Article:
Celie Craig Headstone

Old Cahawba Slave Cemetery

My son runs ahead looking for the next marker, proud to show us he knows his numbers. My black son whose ancestors were abducted from their people and their homes and came to America on slave ships. My black son whose ancestors were sold at auction, enslaved. My black son whose ancestors labored their entire lives and were beaten mercilessly and separated from those they loved. My black son whose ancestors were raped by their white masters. My black son whose ancestors escaped bondage for freedom in the North, and who were recaptured by slave hunters. My black son whose ancestors labored as sharecroppers after they were told they were free. My black son whose ancestors were lynched on the town square surrounded by an audience of white spectators. My black son whose ancestors learned that separate was not equal, and that to stay alive it was best to look down when a white person walked by. My black son whose ancestors fought Jim Crow and marched for justice. My black son whose ancestors followed the Great Migration north into Ohio, seeking a better life, finding a different kind of discrimination and segregation in urban ghettos.

Lynching Jars

Soil collected from the sites of over 4,000 documented lynchings of black people in America, a project of the Equal Justice Initiative, http://www.eji.org

My black son whose history I don’t know and can only imagine; who only knows (for now) that Dr. Martin Luther King, Jr. and his sisters and brothers marched for justice because there was a time when things weren’t fair. My black son who grasped for the first time while we were in Alabama that black people – his people – were once slaves like the Jews in Egypt. This is his entry into understanding slavery, because for three years in Jewish preschool he has learned the story of Moses and Pharaoh at Passover.

He runs to the next marker and I walk toward him, wondering about those who came before him. In the same way I did about my own ancestors as I walked into Birkenau. My story and his story – our cracked histories intersecting – different stories with a shared experience of violation, of murder, of genocide, of a history and people exterminated. But our stories are different in one critical way: The violation against his people didn’t stop when slavery ended. It didn’t stop when Jim Crow was outlawed. It didn’t stop with the Voting Rights Act. (Especially as that is being unraveled today.) It didn’t stop when schools were desegregated. (Especially as schools resegregate today.) It didn’t stop when a man with the same color skin as his became President of the United States of America. The violation against his people keeps taking different forms, and racial discrimination is alive and well. That cracks my already cracked heart into a million pieces. Because these are the stories of his heritage and the reality of his present that I have a responsibility to explain to him as he grows older.

And I’m not sure how to tell those stories in a way that instills hope.

Tomb of Unknown Slave w Noose

Civil Rights Memorial Park, Selma, AL

I am the white Jewish mother of a black Jewish son. My ancestral story, my ancestors, will become his only if he chooses them. But even if he does, he has another critical story. His own ancestral story is a different one than mine. His roots originate in a different part of the world, and his path winds through other places in ways I don’t think I can ever claim to completely understand.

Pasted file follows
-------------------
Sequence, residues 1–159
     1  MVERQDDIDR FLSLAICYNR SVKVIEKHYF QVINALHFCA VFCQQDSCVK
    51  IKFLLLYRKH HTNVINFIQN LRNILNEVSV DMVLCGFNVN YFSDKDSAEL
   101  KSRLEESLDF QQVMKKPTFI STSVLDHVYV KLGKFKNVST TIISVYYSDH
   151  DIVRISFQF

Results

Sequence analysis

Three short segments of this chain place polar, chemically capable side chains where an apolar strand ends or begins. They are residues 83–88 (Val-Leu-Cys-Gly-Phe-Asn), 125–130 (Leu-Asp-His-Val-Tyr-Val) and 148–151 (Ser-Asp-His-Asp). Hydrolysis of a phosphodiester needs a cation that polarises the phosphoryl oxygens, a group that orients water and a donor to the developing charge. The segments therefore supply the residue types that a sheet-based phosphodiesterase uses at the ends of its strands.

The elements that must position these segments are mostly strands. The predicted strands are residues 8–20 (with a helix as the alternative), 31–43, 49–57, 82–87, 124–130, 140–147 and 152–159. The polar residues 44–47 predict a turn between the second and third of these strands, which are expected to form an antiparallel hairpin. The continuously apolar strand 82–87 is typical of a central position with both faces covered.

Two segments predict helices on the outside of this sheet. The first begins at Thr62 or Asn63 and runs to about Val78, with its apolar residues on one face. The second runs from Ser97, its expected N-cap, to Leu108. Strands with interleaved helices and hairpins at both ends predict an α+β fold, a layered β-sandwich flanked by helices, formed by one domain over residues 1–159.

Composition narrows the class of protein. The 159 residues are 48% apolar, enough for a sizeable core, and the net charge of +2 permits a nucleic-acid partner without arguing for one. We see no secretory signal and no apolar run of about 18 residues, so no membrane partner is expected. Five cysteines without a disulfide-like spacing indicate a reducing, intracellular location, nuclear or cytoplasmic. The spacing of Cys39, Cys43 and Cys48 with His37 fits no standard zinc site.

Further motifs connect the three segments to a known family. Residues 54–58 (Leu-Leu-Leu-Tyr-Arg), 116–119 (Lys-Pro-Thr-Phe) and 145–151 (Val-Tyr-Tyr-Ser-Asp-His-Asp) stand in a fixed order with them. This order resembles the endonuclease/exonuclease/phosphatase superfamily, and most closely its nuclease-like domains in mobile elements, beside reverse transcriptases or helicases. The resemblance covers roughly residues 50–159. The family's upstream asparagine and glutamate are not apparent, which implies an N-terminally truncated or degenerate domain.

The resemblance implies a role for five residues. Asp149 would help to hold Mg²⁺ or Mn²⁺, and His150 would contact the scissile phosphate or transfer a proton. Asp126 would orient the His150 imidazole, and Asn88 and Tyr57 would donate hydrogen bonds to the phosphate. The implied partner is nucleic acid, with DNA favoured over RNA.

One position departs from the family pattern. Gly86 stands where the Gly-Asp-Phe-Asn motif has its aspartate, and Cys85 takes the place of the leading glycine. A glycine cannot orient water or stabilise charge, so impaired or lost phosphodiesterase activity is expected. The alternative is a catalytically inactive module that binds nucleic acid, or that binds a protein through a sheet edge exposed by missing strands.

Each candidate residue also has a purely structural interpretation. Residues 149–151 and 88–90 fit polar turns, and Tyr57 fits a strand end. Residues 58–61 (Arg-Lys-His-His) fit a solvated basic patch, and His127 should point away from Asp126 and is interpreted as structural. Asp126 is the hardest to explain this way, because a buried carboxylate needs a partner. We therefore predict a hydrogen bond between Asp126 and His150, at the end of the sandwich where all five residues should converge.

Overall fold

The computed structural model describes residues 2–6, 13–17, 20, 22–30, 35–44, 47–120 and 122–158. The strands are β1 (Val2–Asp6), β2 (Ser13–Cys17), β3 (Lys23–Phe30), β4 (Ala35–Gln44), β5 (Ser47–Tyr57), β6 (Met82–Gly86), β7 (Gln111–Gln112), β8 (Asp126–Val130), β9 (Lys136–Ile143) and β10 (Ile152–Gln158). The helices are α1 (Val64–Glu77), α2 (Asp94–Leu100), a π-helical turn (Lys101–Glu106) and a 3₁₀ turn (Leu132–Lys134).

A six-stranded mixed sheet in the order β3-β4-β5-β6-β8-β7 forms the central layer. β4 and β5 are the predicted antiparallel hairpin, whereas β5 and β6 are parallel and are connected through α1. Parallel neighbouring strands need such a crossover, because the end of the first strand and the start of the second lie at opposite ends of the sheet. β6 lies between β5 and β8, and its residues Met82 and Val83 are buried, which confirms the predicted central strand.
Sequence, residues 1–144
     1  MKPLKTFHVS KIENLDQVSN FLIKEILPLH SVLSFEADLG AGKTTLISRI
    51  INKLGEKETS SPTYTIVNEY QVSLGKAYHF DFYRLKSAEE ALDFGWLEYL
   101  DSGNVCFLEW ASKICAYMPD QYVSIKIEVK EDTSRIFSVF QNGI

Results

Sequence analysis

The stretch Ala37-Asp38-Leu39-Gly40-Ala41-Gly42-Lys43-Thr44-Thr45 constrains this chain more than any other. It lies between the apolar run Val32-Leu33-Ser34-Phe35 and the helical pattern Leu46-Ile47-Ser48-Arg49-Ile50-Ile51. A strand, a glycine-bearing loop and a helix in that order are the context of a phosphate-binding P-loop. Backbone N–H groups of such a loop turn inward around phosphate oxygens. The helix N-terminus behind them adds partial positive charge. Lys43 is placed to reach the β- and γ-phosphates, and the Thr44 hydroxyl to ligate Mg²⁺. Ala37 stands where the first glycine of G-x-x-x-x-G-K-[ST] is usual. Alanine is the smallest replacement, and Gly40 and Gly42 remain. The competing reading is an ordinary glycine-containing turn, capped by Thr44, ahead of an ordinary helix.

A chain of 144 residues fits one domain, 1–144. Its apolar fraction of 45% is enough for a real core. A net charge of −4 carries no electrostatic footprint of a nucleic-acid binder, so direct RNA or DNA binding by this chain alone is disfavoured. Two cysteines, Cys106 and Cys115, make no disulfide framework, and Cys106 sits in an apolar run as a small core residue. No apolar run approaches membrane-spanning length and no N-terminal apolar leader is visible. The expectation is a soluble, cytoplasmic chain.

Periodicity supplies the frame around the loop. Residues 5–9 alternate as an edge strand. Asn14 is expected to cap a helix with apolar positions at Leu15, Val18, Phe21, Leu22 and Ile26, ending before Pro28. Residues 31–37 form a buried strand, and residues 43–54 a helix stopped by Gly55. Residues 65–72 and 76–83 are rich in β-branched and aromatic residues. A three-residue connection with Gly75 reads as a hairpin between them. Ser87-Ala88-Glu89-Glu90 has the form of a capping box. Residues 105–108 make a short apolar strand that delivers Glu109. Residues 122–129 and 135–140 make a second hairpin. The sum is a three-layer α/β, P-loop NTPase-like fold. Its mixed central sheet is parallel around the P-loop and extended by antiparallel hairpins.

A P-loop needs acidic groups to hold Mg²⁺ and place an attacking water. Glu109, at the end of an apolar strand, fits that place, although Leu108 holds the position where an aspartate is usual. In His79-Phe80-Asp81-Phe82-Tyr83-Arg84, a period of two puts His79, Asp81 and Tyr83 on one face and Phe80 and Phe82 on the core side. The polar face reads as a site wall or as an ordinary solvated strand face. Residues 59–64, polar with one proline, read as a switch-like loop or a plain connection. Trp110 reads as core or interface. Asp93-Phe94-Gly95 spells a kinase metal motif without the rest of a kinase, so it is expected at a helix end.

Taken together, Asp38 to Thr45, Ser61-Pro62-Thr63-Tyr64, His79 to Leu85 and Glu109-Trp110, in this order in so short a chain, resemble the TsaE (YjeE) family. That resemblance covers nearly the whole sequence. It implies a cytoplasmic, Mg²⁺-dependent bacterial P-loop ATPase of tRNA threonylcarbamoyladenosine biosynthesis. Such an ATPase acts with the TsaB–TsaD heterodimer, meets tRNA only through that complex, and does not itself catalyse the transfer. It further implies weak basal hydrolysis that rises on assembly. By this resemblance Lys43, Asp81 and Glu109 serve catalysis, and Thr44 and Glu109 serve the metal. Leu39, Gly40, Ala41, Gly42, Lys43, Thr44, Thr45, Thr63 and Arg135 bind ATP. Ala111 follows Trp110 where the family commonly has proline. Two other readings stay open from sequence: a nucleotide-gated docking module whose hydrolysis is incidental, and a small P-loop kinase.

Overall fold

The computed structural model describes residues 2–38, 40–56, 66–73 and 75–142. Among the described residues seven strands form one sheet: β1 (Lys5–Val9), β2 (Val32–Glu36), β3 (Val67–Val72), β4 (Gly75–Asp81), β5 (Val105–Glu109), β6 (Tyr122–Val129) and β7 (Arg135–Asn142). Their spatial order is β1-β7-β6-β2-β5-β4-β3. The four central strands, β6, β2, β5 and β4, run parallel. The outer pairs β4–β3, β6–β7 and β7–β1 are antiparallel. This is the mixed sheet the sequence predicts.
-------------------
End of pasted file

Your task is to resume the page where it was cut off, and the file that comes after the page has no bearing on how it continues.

I want to give my son heroes; for now he has Dr. Martin Luther King, Jr. and Mrs. Rosa Parks. I want to give him ancestors, but I know so little about his roots that I can only put pieces together from a broader, painful story. I want to give him community, a sense of belonging to his own people – both black and Jewish.

I want to give him his own story, but I know it will be his to write, his to tell, and his to claim.

Kids at monument 2

Civil War Memorial, Montgomery, AL

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it’s personal

photo

I have a black son.

I have a black son and I am his white mama.

I have a black son who is too young still to know that society

fears him,

mistrusts him,

doubts him,

considers him a threat.

I have a black son and I am his white mama.

It’s personal.

 

I have a black son.

For now my black son is just adorable, charming, beloved, everyone’s friend.

He trusts because he should,

because he is only three years old.

I have a black son and I look at him and wonder,

When will he change in the eyes of those around him?

When will he begin to look scary, criminal, less capable?

When will his teachers begin to overlook his talents?

When will he be punished for misbehaving, considered deviant, while his white friends are dismissed for “just acting like children sometimes do?”

When will I have to tell him that he shouldn’t wear the hood of his sweatshirt on his head?

When will someone cross the street for the first time for fear of him, their heart racing?

What will that do to my son’s heart?

I have a black son.

It’s personal.

 

I have a black son.

When we filled out the adoption paperwork we were extremely clear that the child who would join our family did not need to be white.

We knew that he probably wouldn’t be.

We imagined a black son.